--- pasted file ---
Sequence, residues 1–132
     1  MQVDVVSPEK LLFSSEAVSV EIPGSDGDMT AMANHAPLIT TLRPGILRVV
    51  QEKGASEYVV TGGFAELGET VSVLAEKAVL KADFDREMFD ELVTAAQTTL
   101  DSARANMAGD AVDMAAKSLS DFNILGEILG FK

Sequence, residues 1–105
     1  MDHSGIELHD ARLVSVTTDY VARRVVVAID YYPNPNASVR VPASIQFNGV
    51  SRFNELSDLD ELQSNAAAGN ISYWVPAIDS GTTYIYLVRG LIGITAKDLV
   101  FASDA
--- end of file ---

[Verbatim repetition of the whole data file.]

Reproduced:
Sequence, residues 1–132
     1  MQVDVVSPEK LLFSSEAVSV EIPGSDGDMT AMANHAPLIT TLRPGILRVV
    51  QEKGASEYVV TGGFAELGET VSVLAEKAVL KADFDREMFD ELVTAAQTTL
   101  DSARANMAGD AVDMAAKSLS DFNILGEILG FK

Sequence, residues 1–105
     1  MDHSGIELHD ARLVSVTTDY VARRVVVAID YYPNPNASVR VPASIQFNGV
    51  SRFNELSDLD ELQSNAAAGN ISYWVPAIDS GTTYIYLVRG LIGITAKDLV
   101  FASDA